A *simple graph* is a pair *(V,E)* where *V*
is set (of *nodes*) and *E* is a set of
*2*-elementary subsets of *V*, which are called
*edges*. General graphs are allowed to have multiple edges
between a pair of nodes or *loops*, that is, edges from a
node to itself.

The simple graphs are precisely the *1*-dimensional
abstract simplicial complexes.

A *directed* graph (also called *digraph*) has arcs
instead of edges, where an *arc* is an ordered pair of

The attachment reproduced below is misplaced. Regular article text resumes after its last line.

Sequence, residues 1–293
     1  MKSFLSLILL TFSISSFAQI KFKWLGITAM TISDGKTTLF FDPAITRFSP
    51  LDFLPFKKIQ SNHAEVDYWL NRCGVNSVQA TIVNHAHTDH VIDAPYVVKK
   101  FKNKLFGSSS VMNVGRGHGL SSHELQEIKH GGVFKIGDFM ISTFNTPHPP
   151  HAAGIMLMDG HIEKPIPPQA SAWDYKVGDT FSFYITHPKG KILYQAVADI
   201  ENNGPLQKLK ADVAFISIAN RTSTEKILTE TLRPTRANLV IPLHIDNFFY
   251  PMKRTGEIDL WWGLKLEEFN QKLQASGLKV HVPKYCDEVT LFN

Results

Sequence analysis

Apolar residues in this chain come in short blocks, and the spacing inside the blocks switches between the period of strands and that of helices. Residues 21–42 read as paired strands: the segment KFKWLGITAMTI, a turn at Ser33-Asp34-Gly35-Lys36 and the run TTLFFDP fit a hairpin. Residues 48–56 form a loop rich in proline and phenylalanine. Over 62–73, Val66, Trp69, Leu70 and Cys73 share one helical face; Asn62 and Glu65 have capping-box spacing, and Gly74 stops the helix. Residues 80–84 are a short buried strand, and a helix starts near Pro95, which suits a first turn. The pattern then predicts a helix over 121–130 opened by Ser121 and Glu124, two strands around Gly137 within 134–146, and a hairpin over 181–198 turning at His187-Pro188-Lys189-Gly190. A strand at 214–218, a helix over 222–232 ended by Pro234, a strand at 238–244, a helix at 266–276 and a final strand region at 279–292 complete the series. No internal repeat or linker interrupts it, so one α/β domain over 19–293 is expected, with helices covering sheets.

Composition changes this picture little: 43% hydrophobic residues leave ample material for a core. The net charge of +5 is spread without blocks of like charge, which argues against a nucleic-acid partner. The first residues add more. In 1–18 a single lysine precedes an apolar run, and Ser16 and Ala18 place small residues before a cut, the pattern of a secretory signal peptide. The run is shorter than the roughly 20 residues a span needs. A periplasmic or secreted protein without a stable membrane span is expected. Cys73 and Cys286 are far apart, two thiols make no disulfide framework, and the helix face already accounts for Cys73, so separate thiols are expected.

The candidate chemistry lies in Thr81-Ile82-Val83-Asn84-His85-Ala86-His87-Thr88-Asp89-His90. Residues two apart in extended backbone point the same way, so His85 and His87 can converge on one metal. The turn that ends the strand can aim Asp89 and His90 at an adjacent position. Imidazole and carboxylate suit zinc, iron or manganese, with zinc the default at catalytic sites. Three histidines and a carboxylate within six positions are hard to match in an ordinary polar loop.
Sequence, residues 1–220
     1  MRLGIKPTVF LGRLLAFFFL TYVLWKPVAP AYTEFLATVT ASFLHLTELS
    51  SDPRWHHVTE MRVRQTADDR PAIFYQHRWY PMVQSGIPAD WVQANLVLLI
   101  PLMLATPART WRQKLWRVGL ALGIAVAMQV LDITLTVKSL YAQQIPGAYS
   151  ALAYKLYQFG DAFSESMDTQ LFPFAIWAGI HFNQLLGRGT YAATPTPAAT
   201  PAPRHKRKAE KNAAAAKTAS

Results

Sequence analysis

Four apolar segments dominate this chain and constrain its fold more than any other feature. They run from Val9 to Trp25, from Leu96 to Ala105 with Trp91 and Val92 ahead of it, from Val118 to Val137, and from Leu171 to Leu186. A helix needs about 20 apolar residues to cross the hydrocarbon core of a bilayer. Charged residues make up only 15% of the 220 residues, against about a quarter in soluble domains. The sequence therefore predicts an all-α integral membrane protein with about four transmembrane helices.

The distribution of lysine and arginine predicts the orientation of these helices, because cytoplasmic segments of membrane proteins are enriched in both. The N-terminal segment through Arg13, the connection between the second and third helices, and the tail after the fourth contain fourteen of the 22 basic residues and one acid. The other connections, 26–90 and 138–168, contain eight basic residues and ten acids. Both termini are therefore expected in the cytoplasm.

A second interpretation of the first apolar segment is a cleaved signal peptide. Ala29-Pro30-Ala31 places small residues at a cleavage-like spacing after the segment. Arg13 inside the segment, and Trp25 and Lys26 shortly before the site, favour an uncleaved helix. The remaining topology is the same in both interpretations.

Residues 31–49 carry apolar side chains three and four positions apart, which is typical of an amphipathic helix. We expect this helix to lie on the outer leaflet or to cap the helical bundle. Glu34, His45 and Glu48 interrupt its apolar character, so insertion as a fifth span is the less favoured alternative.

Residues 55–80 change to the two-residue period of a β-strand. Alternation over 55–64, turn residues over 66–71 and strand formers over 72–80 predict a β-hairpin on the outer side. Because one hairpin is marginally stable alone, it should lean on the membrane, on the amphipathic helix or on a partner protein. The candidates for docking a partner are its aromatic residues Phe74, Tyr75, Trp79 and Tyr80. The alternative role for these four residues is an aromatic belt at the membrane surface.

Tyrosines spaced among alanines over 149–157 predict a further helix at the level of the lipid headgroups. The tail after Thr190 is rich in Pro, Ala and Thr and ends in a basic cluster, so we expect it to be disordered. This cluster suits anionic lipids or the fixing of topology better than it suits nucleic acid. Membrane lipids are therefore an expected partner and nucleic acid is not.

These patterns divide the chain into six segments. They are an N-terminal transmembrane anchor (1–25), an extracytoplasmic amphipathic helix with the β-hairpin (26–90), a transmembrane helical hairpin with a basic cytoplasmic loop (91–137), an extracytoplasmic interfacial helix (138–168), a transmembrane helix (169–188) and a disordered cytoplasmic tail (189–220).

nodes.

Typically, our graphs are finite.

- Norman Biggs:
*Algebraic Graph Theory*, 2nd ed. Cambridge Mathematical Library. Cambridge University Press (1994). - Bela Bollobas:
*Modern Graph Theory*, Graduate Texts in Mathematics**184**. New York, Springer (1998). - Douglas B. West:
*Introduction to Graph Theory*, Upper Saddle River, NJ: Prentice Hall (1996).